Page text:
The year 1616 was significant not only to Pocahontas, Squanto, and Captain John Smith, but also to men who would become two of the world’s most famous writers ~ William Shakespeare and Miguel de Cervantes.
They are both said to have died on April 23rd of that year, Shakespeare at a mere 52 and Cervantes at 68. Because of their works and their influence, English would become known as the language of Shakespeare, and Spanish would be called la lengua de Cervantes (the language of Cervantes). Declared by the Spanish to be “The Prince of Wits,” Cervantes wrote his popular Don Quixote later in his life. It would eventually be recognized as the first modern, European novel and one of fiction’s greatest works.
As for April 23rd, Shakespeare apparently did die on that date in his hometown of Stratford-upon-Avon (perhaps on his birthday), but Spain’s Cervantes actually died on April 22nd and was buried on April 23rd. However, there was that sticky wicket of separate calendars for over a century and a half. Spain had gone along with the Pope and adopted the Gregorian Calendar in 1582. England remained on the Julian Calendar until 1750. So Shakespeare passed 11 days after Cervantes, and 10 days after his burial, though both dates say “April 23.” Calendars ~ often a historian’s nightmare.
On the same date of April 23, 1616, Spain also recorded the death of the half-Spanish, half-Incan historian Garcilaso de la Vega (Gregorian Calendar, we assume). I remember discovering his Royal Commentaries of the Incas in the university library. I was fascinated! Since April 23rd is connected with a number of prominent writers, the United Nations declared the date “World Book and Copyright Day” in 1995.
But April 23rd is connected with yet another well-known personage ~ a dragon slayer ~ St. George.
In my historical-fiction novel, Braving the New World, I take full advantage of the actual business relationship and interaction between three important individuals: ship captain and explorer Thomas Dermer, the “American” Squanto, and the famed British knight turned colonial investor, Sir Ferdinando Gorges, who was Governor of Plymouth Fort (England) in 1618. In my fictional dialogue (based on real documents and events), Gorges relates to Squanto the story of his group’s failed venture into Maine called the Popham Colony. When he mentions the building of Fort St. George, Squanto raises a question:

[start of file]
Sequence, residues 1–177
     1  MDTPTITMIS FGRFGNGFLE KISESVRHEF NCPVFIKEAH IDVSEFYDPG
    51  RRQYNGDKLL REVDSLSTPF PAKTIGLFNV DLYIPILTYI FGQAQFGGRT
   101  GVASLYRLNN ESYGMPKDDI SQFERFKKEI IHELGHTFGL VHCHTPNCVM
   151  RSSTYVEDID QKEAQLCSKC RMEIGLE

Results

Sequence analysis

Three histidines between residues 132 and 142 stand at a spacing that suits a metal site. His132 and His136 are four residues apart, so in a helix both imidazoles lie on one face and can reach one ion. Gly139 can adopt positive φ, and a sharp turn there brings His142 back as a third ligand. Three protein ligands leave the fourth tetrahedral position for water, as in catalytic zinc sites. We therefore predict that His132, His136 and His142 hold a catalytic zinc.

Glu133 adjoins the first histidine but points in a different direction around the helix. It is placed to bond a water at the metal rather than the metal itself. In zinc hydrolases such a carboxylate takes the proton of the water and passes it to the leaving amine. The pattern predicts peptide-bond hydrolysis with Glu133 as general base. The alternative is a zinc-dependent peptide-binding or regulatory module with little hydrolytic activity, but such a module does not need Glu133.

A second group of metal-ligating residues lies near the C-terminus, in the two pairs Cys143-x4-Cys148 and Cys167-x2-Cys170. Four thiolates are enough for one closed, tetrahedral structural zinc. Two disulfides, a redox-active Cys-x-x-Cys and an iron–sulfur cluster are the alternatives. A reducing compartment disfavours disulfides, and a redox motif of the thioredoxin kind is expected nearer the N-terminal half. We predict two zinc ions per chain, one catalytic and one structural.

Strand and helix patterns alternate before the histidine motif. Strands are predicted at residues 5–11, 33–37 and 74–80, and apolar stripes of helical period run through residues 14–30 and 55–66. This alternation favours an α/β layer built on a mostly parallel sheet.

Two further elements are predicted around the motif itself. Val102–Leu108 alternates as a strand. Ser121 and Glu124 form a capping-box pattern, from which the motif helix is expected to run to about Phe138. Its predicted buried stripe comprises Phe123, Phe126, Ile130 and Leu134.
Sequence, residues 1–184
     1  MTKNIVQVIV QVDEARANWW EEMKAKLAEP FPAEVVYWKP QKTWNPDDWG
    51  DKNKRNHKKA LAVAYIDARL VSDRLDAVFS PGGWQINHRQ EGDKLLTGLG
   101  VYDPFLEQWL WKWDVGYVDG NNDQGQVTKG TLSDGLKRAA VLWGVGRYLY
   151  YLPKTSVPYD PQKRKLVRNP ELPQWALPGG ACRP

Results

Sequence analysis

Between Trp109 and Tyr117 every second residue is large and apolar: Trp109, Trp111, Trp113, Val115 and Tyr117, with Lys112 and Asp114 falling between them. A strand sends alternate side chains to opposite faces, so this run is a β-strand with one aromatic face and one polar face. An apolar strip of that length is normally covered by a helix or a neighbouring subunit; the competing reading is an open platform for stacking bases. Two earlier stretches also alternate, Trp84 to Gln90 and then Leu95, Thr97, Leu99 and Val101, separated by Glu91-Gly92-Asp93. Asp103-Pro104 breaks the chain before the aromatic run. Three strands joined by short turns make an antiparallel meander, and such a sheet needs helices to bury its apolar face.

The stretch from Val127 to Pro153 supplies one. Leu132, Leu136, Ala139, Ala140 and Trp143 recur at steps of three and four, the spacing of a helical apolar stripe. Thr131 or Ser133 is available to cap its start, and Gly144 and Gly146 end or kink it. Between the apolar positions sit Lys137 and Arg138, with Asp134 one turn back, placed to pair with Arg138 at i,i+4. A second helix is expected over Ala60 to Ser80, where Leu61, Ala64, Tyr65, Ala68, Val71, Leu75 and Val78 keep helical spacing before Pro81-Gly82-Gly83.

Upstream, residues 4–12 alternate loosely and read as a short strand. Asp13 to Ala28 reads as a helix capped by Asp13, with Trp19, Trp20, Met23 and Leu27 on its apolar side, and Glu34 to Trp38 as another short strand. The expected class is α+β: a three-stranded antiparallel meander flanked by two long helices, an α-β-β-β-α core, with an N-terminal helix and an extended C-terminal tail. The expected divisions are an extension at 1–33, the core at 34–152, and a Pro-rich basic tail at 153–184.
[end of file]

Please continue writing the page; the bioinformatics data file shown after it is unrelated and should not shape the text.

“Uhm-m,” grunted Squanto. “Friars in Spain spoke of saints. You talk of warrior who killed great dragon?”
“Saint George and the dragon. That is the legend,” answered Gorges, pleased that Squanto seemed to be following his narrative. “George was born of Greek noble families who were devout Christians. He became a soldier under Roman Emperor Diocletian ~ actually, an officer in the Emperor’s guard. Diocletian ordered his Roman army to worship none but Roman gods. George refused and boldly declared his Christian faith. He was terribly tortured and executed. Despite the Reformation, the Crown and the Anglican church retained George as England’s patron saint. You see his red cross on our flag.”
“Uhm-m,” Squanto grunted again. Falstaff (my mouse, hiding as usual in Squanto’s vest pocket) thought Squanto most probably did not understand Rome or the Reformation, but he had received teaching from the Catholic friars and from John Mason’s Anglican wife (in Newfoundland). He seemed to respect what he had learned about the Christian faith. He certainly respected bravery.
Thinking on the date April 23, Falstaff the mouse would probably have uttered, “My, what a date!”